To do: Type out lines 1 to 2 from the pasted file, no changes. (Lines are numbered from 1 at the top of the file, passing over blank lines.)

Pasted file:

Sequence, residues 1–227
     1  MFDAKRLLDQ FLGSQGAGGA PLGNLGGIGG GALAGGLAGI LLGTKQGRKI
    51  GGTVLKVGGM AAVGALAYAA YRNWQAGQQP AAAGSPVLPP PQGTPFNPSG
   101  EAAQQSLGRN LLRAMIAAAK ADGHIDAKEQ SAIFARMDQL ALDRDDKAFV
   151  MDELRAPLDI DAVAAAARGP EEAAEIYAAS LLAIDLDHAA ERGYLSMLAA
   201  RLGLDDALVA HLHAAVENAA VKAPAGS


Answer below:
Sequence, residues 1–227
     1  MFDAKRLLDQ FLGSQGAGGA PLGNLGGIGG GALAGGLAGI LLGTKQGRKI